Another type of plate consists of a sheet of aluminum Which is electroplated with copper and then with chromium. This is processed in the same manner as the IPI Trimetal plate and is referred to as a Lithure plate.
A suitable bi-metal plate is an Aller plate which consists of a base of stainless steel electroplated with copper. Another type of plate is the Lithengrave plate consisting of a base of aluminum electroplated with copper.
In preparing a lithographic plate by means of this invention, the metal plates can be grained prior to application of the coating. Graining is merely a roughening of the surface of the metal to provide additional surface area. Conventional abrasives are employed in this operation such as silicon carbide, aluminum oxide, sand or crushed quartz. Conventional methods of graining can be employed in the present invention. For example, the plate may be wet with water containing a surface active agent and then an abrasive sprinkled over the plate and a motor driven brush then worked over it for a period of time. Alternatively, the various chemical treatments employed in the lithographic art for graining the metal can be employed.
The photosensitive coating composition is then spread on the base plate. The method of application of the coating depends to a large extent upon the viscosity of the coating composition. Where the composition has a relatively low viscosity, between about 1 and 75 centipoises, the coating composition may be sprayed on using conventional spray techniques. Where the viscosity of the composition is in the vicinity of about 1 to 200 centipoises, the coating can be wiped on with a brush or a coating cloth.
In the viscosity range of about 1 to 200 centipoises, the coating can be whirled on. Many whirl on techniques have been described in the literature. They essentially involve the application of the coating composition to the base plate with the base plate thereafter being revolved at a very high speed whereby the coating solution is spread uniformly about the plate.
More viscous compositions, i.e., compositions having a viscosity of up to about 1000 centipoises, can be spread on using a-=coating machine or the like or can be heated slightly to reduce the viscosity.
The amount of coating contained on the plate generally ranges from about 4 to 12 microns, preferably from about 6 to 8 microns. When the coating is thicker, the time required for developing the plate increases and more active developers are required to yield comparable results. For any given method of applying the coating, it is desirable to use as high a solids content in the coating composition as possible.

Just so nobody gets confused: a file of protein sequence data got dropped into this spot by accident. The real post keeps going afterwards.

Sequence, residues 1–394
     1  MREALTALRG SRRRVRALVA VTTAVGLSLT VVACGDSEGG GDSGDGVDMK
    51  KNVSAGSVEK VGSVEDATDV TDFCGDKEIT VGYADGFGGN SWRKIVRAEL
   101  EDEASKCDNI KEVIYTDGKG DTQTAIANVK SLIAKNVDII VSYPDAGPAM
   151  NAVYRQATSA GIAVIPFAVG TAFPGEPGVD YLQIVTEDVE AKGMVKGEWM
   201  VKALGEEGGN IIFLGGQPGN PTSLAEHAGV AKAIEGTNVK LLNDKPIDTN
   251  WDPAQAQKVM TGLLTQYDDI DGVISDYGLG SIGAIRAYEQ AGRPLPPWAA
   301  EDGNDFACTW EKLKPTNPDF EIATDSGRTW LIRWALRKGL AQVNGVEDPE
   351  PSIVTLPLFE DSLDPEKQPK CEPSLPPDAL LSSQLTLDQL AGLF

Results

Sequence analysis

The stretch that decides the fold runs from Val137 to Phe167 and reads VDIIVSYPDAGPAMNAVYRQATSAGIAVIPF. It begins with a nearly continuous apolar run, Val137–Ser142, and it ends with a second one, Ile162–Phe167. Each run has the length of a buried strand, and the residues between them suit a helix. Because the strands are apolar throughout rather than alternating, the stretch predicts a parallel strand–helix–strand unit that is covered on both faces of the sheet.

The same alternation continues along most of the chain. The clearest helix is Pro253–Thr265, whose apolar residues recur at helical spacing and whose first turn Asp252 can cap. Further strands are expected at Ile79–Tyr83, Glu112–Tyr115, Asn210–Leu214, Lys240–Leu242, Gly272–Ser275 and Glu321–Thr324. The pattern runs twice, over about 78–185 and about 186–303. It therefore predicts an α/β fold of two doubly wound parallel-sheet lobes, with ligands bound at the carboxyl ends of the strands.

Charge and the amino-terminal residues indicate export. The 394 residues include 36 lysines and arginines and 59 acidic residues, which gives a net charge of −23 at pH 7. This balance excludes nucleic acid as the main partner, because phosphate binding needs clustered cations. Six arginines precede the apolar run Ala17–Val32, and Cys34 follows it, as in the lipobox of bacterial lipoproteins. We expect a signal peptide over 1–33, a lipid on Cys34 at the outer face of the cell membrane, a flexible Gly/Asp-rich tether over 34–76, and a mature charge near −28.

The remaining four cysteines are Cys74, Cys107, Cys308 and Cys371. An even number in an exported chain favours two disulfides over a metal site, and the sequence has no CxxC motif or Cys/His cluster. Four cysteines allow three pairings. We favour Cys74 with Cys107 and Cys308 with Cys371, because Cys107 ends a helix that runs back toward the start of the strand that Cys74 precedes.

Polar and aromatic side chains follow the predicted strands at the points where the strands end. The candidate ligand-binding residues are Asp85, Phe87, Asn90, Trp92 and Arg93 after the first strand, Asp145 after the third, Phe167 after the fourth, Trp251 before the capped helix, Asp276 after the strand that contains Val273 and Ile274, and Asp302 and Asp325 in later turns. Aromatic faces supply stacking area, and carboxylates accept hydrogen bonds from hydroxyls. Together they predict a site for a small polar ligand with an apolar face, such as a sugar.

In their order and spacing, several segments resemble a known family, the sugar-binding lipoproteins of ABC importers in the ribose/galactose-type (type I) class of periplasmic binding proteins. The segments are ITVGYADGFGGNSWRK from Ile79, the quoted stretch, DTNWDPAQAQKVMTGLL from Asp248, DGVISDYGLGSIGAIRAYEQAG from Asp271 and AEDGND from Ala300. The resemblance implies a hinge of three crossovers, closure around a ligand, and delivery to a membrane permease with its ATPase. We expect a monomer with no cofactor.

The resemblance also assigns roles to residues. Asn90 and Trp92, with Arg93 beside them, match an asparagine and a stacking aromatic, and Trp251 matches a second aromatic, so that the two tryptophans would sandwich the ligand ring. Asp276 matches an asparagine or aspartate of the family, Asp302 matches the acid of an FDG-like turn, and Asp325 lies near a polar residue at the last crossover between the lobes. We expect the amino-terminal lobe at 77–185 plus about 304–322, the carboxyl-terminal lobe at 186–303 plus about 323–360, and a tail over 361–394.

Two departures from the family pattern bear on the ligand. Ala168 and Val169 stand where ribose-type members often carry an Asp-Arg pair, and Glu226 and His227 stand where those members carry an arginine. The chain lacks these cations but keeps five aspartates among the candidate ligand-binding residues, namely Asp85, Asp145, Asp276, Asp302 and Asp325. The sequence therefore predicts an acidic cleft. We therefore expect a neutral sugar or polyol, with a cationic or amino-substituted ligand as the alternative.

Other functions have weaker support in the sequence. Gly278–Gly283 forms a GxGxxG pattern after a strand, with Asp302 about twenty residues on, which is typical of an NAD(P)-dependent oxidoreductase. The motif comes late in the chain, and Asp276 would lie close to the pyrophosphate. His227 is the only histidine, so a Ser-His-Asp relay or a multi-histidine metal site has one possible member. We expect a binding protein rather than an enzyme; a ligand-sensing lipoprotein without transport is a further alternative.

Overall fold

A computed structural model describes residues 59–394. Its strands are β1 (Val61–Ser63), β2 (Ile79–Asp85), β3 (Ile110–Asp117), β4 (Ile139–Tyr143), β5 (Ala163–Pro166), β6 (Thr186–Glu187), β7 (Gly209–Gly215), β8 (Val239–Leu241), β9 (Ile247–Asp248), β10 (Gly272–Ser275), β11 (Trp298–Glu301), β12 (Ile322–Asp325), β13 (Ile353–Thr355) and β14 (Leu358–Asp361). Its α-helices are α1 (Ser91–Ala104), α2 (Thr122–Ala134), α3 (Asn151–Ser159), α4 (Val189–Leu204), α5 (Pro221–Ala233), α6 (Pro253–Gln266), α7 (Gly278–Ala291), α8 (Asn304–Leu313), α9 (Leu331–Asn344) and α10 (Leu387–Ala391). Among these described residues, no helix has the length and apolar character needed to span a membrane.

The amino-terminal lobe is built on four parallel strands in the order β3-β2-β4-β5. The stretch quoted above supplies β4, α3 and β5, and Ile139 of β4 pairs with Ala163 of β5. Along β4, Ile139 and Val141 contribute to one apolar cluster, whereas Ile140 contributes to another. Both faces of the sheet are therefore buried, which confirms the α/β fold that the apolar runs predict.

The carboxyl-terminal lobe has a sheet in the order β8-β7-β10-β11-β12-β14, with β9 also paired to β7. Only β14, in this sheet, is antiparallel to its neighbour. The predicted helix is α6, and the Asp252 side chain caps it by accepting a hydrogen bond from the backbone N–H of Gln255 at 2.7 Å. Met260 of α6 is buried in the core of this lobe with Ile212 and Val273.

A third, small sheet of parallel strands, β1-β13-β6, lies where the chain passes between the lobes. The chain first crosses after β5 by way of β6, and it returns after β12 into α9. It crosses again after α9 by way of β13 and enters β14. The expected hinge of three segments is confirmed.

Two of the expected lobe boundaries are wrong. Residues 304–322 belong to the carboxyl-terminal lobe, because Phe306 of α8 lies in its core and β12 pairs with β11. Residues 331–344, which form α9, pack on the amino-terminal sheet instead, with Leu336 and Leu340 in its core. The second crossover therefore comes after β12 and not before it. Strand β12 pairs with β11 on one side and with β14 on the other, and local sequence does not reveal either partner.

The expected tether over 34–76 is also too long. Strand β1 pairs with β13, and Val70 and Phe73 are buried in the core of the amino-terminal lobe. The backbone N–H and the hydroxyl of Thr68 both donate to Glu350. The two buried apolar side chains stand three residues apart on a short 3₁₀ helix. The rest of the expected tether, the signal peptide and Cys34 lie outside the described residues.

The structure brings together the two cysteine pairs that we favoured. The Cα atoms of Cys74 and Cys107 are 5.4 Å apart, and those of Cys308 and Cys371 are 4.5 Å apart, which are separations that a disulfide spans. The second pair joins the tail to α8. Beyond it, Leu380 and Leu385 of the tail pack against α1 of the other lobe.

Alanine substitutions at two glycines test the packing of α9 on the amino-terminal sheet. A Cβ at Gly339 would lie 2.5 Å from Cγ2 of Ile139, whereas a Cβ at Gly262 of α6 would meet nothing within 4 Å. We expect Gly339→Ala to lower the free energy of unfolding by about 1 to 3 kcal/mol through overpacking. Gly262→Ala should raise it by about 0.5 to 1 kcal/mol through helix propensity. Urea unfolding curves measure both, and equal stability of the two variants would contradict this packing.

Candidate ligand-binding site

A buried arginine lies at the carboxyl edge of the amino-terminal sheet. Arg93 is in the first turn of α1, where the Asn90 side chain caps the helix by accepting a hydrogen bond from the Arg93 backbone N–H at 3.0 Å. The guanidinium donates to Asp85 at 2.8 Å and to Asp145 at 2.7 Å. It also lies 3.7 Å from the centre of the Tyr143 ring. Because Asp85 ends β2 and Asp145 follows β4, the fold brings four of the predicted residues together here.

After the coating is applied to the plate, it is permitted to dry. The plate can be maintained at room temperature so as to permit evaporation of the water or it can be put in an air oven at a temperature of about F. to accelerate the evaporation of water.
After the coating has been applied, the plate is ready for exposure to light to form an image. The coated plates prepared by means of this invention are extremely stable if stored in a dark place. Unlike many other types of coated plates, the coated plates of this invention do not undergo a dark reaction and accordingly, there is essentially no limit on the time they can be stored.
Whenever it is convenient, the plate is contacted with the image to be duplicated, according to conventional techniques, and thereafter exposed to light for the requisite period of time. The image is generally carried on a film base ranging in thickness from about .003 to about .007 inch. Alternatively, glass or paper may be used to transfer the image. The deep-etched plates require positives. Positives are made from negatives either as contact prints or by photographing the negative and using the reversed negative to transfer the image. Halftone positives or negatives are used during the exposure of the plate wherever necessary in accordance with conventional procedure. The sensitized plate is contacted with the photographic positive by any one of a number of methods. For example, a vacuum frame can be employed. This type of frame is similar to a conventional print frame except that vacuum is employed to insure tight contact between positive and plate. Various step-and-repeat machines have also been designed for this purpose. The exposure time necessary in any given operation will be dependent upon the sensitivity of the coating, the degree of reproduction of the positive required and the characteristics of the positive. Accordingly, a process of trial and error is generally used. It has been found that plates prepared by means of this invention are at least as photosensitive as the best of the prior art plates and frequently require a substantially smaller exposure to light under comparable conditions. For example, under a given set of conditions, where a conventionally coated plate uses as the coating a bichromategum arabic coating and an exposure time of from 6 to 8 minutes is required, an identical plate produced by means of this invention would require an exposure time of only 2 to 3 minutes. Of course, where the plate has been overexposed to some slight extent, this can often be compensated for by overdeveloping and correspondingly where the plate has been slightly underexposed, underdeveloping will in many instances cure the deficiency.
The purpose of exposing the plate to light is to harden the photosensitive coating and thereby render it insoluble in the developing solution. The exact nature of the hardening process in this invention is not clearly understood but it undoubtedly involves some form of cross-linking of thehydroxyalkyl cellulose. Since a positive is used, light will pass through the non-image areas of the positive thereby hardening the non-image areasof the plate. On